Container security implications when using Iron vs VM vs cloud provider infrastructures
With the ever-growing popularity of containers, many service providers are coming forward to offer their services to run and manage container workloads. Most popular cloud providers like AWS, Azure and Google Cloud have managed Kubernetes services, namely EKS, AKS and GKE.
These managed services are easy to use, and clusters can be set up in a matter of a few clicks. Other infrastructure considerations to the use of containers include bare-metal servers and virtual machines.
Overview of infrastructures
Underlying hardware infrastructure is one of the critical areas of a container system’s design and implementation strategy. The discussion of choosing the environment for running containers presents the following options:
- Virtual machines
- Cloud providers
Bare-metal systems or virtual machines are one of the options to run containers. Running containers on bare-metal systems and virtual machines will have minimal functional differences, but the cost and performance will significantly vary. Virtual machines provide elasticity of infrastructure. When choosing Iron or virtual machines for running containers, we will also need to decide on an orchestration framework such as Docker Swarm or Kubernetes. This also means we will need to fully manage the chosen orchestration platform.
Cloud providers are another option to run containers. Running containers using cloud provider solutions comes with many functional and operational benefits. It is easy to use the managed services provided by cloud providers. Spinning up a new cluster is generally a few clicks away. In addition, running containers in a cloud provider’s environment has other benefits such as a highly available control plane, multi-region options and operational expertise.
Iron vs. VM vs. cloud providers
Let us discuss some of the security considerations when running containers in-house vs. cloud. When running containers in-house, aside from managing hardware and software resources (such as iron/os/virtual machines), the security of all the nodes where containers are running must be managed by us. Whereas cloud providers work some part of the cluster when run in the cloud. For instance, the master nodes are updated and patched by the cloud providers in a fully managed cluster.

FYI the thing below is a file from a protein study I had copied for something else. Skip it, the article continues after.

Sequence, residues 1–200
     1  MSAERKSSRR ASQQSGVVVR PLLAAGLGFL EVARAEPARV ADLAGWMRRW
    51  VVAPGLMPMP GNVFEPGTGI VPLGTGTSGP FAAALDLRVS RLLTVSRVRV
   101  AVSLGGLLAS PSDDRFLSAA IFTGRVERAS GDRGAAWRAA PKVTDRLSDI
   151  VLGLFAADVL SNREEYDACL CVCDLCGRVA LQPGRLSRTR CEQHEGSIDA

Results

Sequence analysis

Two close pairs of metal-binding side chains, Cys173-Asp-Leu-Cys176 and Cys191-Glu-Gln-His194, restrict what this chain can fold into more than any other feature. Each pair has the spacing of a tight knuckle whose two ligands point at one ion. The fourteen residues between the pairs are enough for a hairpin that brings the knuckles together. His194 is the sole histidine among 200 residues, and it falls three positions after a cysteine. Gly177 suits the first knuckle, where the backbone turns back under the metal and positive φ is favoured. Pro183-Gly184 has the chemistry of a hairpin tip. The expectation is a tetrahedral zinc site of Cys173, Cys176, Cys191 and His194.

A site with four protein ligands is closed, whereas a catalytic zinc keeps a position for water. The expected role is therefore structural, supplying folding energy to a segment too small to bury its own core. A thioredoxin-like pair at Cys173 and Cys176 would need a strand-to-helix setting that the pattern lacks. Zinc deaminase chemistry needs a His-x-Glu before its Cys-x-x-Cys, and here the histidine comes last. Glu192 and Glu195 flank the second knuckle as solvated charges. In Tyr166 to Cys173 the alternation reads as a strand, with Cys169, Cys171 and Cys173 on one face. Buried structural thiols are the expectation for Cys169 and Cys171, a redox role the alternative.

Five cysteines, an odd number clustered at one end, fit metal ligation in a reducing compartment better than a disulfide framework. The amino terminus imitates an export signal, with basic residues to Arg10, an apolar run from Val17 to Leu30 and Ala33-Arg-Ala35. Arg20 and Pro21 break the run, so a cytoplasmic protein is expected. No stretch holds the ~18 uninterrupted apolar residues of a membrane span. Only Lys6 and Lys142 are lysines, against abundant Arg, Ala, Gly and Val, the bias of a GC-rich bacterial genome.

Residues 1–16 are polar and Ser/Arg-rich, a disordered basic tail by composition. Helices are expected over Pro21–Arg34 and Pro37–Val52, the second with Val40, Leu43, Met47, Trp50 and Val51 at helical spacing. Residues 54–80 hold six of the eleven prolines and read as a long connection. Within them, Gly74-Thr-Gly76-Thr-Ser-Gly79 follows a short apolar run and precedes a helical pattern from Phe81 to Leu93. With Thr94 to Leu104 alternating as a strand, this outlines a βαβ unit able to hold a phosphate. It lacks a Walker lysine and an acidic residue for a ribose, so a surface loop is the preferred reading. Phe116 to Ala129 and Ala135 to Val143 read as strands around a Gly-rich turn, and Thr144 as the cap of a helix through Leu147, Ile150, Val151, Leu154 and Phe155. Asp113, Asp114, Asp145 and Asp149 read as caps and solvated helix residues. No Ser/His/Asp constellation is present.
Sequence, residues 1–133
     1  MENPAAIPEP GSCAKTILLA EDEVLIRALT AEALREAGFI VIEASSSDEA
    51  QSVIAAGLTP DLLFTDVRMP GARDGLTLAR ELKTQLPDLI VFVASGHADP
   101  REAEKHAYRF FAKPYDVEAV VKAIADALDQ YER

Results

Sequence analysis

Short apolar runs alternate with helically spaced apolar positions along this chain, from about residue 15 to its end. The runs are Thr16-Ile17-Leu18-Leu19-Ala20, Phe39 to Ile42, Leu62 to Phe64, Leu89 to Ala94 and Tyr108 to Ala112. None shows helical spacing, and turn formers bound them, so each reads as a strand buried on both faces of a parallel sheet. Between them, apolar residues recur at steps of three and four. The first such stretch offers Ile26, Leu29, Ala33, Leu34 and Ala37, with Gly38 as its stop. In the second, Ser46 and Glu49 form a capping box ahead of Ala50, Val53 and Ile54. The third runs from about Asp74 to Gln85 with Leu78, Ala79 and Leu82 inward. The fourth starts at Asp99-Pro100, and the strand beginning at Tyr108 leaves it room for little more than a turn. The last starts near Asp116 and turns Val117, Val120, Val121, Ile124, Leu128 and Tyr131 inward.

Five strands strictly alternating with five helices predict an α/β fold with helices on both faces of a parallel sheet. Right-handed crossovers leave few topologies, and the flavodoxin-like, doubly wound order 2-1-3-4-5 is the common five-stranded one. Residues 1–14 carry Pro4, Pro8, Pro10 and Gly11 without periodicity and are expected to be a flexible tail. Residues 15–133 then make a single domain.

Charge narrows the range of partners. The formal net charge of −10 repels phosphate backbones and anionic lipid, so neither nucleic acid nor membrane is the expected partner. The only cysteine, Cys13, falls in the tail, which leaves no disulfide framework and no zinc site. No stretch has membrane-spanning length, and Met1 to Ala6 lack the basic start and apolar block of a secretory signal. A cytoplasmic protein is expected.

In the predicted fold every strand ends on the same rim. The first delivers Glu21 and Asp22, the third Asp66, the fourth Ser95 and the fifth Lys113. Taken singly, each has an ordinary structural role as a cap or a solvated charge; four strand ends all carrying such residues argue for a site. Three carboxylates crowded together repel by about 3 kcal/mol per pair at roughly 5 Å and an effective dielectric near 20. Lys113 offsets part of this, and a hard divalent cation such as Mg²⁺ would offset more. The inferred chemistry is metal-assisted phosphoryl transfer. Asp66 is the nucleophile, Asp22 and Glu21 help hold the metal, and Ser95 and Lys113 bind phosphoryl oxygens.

Most of the cloud providers offer private image registries. Having a private image registry has the advantage of scanning for vulnerabilities by default. Private image repositories let us define specific policies and prevent the deployment of images that are not in line with the set policies. When running containers in-house, setting up a private registry is not enough. In addition to it, we must ensure that it is well secured, and features like image vulnerability scanning are included in addition to storing images.
Containers running in-house often run on virtual machines running with standard OS images such as Ubuntu or CentOS. Most cloud providers offer container-optimized operating system images for their nodes by default. This will benefit both from a performance standpoint as well as a security standpoint. Container-optimized operating system images can be free from unnecessary software, thus reducing the overall attack surface.
In addition to hardening and protecting the clusters and container workloads, security monitoring is another additional effort one has to put to monitor the containers (not just the host). One should consider monitoring clusters for attacks when running clusters in-house. Cloud providers usually offer to monitor containers as part of the clusters.
Choosing infrastructure for running containers
This article has provided an overview of various infrastructure options available when running containers. Running containers locally brings a lot of flexibility of what tools and platforms we may want to use, but it also comes with additional efforts, costs and complexities. Cloud providers share the operational as well as security responsibilities when running containers in the cloud. Every option comes with its pros and cons, and thus one should carefully review the benefits and drawbacks for use cases specific to them.
How to properly prep a container infrastructure, Search ITOperations
Deploying containers on VMs and MIGs, Google Cloud
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